Sarcomas are rare tumors with generally poor prognosis, for which current therapies have shown limited efficacy. Histone deacetylase inhibitors (HDACi) are emerging anti-tumor agents; however, little is known about their effect in sarcomas. By using established and patient-derived sarcoma cells with different subtypes, we showed that the pan-HDACi, ITF2357, potently inhibited in vitro survival in a p53-independent manner. ITF2357-mediated cell death implied the activation of mitochondrial apoptosis, as attested by induction of pro-apoptotic BH3-only proteins and a caspases-dependent mechanism. ITF2357 also induced autophagy, which protected sarcoma cells from apoptotic cell death. ITF2357 activated forkhead box (FOXO) 1 and 3a transcription factors and their downstream target genes, however, silencing of both FOXO1 and 3a did not protect sarcoma cells against ITF2357-induced apoptosis and upregulated FOXO4 and 6. Notably, ITF2357 synergized with Doxorubicin to induce cell death of established and patient-derived sarcoma cells. Furthermore, combination treatment strongly impaired xenograft tumor growth in vivo, when compared to single treatments, suggesting that combination of ITF2357 with Doxorubicin has the potential to enhance sensitization in different preclinical models of sarcoma. Overall, our study highlights the therapeutic potential of ITF2357, alone or in rational combination therapies, for bone and soft tissue sarcomas management.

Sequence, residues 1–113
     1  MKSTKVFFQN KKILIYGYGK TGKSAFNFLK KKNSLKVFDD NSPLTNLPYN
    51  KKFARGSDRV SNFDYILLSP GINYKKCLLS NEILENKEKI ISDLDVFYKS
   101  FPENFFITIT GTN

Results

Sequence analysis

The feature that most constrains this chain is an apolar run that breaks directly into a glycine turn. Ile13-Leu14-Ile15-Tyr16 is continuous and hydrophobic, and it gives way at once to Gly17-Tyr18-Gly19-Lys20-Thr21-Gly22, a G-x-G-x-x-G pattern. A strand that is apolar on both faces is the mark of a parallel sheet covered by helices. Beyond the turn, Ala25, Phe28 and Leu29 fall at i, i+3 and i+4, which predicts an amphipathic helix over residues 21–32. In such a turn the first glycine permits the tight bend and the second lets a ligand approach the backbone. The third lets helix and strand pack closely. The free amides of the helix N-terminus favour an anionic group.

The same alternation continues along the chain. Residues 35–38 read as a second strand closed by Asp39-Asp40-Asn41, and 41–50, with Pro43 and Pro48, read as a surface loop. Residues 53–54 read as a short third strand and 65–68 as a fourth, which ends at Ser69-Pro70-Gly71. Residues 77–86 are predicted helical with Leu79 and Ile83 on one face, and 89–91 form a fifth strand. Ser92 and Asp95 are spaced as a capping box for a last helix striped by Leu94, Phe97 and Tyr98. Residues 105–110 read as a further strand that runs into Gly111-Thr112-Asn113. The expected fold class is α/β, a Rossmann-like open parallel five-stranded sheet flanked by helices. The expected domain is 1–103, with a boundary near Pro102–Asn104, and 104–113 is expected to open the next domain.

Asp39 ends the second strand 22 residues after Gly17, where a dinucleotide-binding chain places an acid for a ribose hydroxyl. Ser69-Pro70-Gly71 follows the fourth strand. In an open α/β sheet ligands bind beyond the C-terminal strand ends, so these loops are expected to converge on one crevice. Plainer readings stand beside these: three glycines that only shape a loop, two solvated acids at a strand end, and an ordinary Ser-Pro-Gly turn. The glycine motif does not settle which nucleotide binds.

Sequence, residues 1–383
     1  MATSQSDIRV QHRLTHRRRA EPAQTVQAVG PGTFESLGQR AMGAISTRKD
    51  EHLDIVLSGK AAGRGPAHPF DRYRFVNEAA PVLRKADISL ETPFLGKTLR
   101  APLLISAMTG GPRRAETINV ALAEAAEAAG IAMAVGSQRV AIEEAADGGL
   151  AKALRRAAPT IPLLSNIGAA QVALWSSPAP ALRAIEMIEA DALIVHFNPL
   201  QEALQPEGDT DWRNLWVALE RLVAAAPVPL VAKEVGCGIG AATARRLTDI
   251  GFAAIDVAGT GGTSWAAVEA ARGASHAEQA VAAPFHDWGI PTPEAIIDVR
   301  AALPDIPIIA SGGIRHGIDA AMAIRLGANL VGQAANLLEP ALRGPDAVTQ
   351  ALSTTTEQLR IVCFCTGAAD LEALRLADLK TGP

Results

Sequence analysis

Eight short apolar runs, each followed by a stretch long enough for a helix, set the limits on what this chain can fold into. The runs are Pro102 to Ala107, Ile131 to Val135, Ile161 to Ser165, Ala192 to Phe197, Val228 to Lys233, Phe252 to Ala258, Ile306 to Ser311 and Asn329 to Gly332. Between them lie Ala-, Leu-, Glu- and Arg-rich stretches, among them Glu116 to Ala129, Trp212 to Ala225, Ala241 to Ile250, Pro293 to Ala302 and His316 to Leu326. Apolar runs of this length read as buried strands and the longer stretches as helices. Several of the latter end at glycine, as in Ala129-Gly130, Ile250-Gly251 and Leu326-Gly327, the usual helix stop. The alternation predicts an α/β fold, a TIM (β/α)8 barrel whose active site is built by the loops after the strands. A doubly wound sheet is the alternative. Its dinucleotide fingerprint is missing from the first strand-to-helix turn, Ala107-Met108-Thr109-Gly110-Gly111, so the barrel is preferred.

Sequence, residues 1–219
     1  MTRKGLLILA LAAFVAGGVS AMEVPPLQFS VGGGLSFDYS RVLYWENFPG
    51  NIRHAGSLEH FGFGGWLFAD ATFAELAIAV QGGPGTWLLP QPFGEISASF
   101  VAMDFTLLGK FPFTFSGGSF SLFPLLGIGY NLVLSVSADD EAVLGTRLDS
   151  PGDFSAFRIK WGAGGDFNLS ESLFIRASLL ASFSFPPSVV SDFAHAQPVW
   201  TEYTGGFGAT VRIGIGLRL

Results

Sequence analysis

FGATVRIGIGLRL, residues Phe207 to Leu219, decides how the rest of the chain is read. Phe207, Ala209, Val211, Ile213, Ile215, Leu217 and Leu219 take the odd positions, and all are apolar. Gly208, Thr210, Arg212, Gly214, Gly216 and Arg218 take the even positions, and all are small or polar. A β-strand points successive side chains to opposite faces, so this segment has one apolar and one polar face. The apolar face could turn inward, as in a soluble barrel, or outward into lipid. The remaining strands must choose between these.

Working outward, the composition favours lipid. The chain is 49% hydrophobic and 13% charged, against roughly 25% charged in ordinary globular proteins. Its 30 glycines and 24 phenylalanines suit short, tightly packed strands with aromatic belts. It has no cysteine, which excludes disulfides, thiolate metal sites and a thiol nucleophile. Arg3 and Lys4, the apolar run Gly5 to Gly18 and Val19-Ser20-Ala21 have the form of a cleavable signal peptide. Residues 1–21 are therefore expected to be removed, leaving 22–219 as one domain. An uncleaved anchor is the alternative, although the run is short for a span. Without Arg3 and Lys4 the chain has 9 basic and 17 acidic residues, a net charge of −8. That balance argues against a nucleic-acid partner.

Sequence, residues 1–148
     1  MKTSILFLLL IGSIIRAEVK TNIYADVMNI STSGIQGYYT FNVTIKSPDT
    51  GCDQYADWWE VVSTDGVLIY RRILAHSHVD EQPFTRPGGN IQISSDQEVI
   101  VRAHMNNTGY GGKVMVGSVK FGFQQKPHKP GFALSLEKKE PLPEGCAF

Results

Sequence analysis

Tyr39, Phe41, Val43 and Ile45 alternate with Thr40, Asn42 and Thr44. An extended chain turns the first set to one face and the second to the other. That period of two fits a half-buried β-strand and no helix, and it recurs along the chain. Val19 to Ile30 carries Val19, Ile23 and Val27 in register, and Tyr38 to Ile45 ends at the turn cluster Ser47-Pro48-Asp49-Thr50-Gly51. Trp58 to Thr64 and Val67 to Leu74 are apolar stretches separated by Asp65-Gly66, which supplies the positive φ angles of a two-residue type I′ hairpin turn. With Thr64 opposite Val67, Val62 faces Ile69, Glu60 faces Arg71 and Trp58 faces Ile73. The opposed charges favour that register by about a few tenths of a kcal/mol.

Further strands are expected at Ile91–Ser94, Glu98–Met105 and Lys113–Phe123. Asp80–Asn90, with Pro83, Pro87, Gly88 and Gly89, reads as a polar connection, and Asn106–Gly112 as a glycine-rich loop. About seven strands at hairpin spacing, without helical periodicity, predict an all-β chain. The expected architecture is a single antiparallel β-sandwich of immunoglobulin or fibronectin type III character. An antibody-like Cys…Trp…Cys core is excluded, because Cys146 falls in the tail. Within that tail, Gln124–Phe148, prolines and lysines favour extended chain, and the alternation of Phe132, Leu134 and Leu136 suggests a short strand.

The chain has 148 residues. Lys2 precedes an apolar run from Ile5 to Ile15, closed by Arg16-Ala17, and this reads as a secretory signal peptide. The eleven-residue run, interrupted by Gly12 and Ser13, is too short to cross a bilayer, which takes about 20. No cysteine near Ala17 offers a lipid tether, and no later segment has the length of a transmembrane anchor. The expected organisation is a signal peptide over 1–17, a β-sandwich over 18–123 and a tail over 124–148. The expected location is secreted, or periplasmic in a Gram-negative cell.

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http://dx.doi.org/10.1038/s41389-018-0026-xDOI Listing
http://www.ncbi.nlm.nih.gov/pmc/articles/PMC5833676PMC
February 2018

Carbon-fiber reinforced intramedullary nailing in musculoskeletal tumor surgery: a national multicentric experience of the Italian Orthopaedic Society (SIOT) Bone Metastasis Study Group.

Injury 2017 Oct;48 Suppl 3:S55-S59

The Italian Orthopaedic Society (SIOT), Rome, Italy.

Introduction: Carbon fiber reinforced (CFR) implants have been proposed for the treatment of fractures or impending fractures of the long bones in the oncology patient. Aim of this study is to present the largest cohort of oncology patients operated by CFR nailing by the Italian Orthopaedic Society (SIOT) Bone Metastasis Study Group.